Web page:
State-owned Chinese telecom firms are reportedly working on the development of a $500 million subsea cable network project to rival a similar US-backed system.
According to Reuters, the project would link Asia, the Middle East, and Europe together, much like the US-backed Sea-Me-We-6 cable, as tensions between the US and China grow.
Citing four sources, Reuters revealed that China’s three main telecom operators, China Telecom, China Mobile, and China Unicom are working together to map out ‘one of the world’s most advanced and far-reaching subsea cable networks.’
This potential project comes shortly after China Telecom and China Mobile withdrew their involvement in the South East Asia-Middle East-West Europe 6 (Sea-Me-We 6) submarine cable project.
The reported reason for China’s withdrawal from the Sea-Me-We 6 cable was due to US company SubCom being awarded a contract to build the cable, rather than Hengtong Marine, China’s biggest provider in the sector. Hengtong acquired a majority stake in Huawei Marine Networks in 2019, after US sanctions forced a sale.
It was a blow for the project, which isn’t due to go live until 2025, with the two operators combining to invest 20 percent into the cable, with the overall cable set to cost $500 million.
But now it appears the Chinese are putting their money elsewhere to rival the cable with its own called EMA (Europe-Middle East-Asia).
This proposed cable will reportedly link Hong Kong to China’s island province of Hainan, before linking Singapore, Pakistan, Saudi Arabia, Egypt, and France.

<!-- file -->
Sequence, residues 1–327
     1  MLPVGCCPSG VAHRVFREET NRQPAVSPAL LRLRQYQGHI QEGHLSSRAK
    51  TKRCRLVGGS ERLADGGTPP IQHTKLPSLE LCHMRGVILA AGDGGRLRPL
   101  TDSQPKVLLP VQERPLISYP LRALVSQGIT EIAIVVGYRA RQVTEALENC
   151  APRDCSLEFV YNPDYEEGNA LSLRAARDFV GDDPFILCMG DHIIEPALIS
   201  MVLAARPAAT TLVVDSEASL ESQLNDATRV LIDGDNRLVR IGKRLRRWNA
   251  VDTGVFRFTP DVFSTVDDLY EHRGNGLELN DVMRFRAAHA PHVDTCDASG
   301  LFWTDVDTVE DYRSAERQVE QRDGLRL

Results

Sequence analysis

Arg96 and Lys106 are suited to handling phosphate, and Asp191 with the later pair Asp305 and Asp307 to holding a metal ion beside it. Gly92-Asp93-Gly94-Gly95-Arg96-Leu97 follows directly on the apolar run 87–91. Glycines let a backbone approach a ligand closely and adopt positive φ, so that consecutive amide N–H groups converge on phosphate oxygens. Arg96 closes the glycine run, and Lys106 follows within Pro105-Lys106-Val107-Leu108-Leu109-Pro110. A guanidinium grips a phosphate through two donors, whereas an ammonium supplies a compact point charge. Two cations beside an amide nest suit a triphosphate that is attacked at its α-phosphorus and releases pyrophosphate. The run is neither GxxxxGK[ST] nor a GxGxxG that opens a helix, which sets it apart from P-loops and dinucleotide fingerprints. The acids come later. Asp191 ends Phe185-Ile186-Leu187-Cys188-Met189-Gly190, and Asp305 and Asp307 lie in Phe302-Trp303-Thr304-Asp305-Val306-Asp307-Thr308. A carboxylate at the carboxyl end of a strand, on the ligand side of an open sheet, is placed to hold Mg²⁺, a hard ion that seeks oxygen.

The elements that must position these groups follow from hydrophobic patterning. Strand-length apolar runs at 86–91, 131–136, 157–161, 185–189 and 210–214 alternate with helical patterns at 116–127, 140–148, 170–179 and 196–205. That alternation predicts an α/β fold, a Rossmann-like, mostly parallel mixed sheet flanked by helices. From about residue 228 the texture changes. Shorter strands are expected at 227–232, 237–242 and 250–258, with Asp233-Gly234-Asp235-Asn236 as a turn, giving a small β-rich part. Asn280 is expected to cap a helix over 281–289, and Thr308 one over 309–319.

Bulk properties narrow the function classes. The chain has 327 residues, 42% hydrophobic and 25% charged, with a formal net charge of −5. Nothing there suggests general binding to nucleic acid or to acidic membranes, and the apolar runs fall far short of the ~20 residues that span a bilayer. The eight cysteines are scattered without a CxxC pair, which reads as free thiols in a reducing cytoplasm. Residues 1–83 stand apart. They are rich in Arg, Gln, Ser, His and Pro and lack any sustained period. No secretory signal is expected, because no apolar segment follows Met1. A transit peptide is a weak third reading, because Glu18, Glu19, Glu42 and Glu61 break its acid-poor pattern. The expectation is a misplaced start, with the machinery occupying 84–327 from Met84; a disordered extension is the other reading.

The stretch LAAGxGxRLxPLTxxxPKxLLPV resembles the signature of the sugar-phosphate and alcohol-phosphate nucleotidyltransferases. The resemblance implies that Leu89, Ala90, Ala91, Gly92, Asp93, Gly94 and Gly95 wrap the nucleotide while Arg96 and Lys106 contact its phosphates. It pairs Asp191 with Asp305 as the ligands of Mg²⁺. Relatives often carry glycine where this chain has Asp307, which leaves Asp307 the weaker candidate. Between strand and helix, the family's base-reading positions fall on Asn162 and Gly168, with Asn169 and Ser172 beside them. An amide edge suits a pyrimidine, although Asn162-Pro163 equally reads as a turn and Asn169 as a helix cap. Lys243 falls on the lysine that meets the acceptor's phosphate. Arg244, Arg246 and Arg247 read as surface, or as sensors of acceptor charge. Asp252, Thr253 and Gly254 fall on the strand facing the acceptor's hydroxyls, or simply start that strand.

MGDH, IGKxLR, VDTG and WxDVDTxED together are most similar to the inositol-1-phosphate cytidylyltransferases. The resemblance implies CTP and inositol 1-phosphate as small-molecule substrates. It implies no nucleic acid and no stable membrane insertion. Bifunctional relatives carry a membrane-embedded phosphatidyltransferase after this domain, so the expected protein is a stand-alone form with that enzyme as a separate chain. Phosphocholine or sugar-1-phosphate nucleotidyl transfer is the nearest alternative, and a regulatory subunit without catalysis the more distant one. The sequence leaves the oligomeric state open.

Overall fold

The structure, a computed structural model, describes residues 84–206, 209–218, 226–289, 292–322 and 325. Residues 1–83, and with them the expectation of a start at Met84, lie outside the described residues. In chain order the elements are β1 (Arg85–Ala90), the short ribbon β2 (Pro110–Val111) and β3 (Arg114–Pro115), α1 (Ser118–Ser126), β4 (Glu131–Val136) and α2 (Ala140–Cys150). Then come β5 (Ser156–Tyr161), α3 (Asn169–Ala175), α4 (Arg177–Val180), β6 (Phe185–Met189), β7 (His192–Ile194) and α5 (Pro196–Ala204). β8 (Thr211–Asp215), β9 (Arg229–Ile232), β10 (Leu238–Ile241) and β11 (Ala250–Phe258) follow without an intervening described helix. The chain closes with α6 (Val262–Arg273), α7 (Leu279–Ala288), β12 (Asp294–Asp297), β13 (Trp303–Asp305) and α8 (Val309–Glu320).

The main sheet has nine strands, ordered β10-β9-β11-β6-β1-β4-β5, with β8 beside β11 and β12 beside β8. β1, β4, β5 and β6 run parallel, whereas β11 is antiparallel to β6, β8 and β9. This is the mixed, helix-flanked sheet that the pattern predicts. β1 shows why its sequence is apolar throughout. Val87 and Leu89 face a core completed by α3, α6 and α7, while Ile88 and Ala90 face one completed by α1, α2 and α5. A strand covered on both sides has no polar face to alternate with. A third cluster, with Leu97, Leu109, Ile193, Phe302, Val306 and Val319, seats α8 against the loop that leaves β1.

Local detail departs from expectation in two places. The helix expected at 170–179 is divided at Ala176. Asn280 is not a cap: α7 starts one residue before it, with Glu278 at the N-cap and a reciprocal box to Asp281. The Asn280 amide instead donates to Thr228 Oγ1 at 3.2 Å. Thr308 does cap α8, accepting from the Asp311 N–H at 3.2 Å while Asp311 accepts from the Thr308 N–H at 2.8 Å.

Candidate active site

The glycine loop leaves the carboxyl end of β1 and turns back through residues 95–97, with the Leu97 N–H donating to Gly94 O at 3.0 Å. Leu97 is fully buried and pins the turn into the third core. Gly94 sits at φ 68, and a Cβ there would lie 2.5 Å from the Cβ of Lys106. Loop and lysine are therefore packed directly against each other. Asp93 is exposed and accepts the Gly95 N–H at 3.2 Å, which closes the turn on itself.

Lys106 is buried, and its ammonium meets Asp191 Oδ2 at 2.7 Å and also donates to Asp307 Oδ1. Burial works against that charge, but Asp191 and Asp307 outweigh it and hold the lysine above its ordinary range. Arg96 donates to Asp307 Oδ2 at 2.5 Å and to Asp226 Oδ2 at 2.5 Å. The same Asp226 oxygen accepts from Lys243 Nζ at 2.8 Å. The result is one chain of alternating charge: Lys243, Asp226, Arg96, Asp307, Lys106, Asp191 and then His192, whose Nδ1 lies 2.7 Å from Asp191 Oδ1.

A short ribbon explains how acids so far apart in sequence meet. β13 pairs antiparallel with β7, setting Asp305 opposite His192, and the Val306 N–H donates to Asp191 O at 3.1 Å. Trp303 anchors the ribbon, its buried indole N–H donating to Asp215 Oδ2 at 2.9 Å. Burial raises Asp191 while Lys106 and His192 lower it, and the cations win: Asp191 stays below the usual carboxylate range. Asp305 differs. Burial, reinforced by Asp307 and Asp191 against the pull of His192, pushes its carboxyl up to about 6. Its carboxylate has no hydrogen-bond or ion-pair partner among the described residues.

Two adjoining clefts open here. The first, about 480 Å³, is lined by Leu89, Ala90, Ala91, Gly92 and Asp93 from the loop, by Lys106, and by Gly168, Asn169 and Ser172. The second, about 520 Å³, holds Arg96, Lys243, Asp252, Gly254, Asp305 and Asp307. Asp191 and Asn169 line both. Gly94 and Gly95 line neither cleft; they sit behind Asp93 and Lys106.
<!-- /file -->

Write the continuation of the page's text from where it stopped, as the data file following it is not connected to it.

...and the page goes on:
Significantly, this cable would be manufactured by China’s HMN Technologies, which was previously majority-owned by Huawei before Hengtong acquired its majority stake.
The Chinese state would provide subsidies to Hengtong for the build-out of the cable, said the sources, while the cable is expected to be online by the end of 2025, roughly in line with the Sea-Me-We 6 project.
None of the operators, nor Hengtong, have commented publicly on the reports so far.
Last month, China was reported to be blocking projects to lay and maintain subsea Internet cables through the South China Sea, with the Financial Times reporting at the time that Beijing is keen to command more control over the infrastructure transmitting the world’s data.
It’s a stance that has likely been fueled by tensions with the US, with the country operating a tougher stance on the permit to operate outside its internationally recognized international waters has reportedly delayed the SJC2 cable.
Read more: datacenterdynamics.com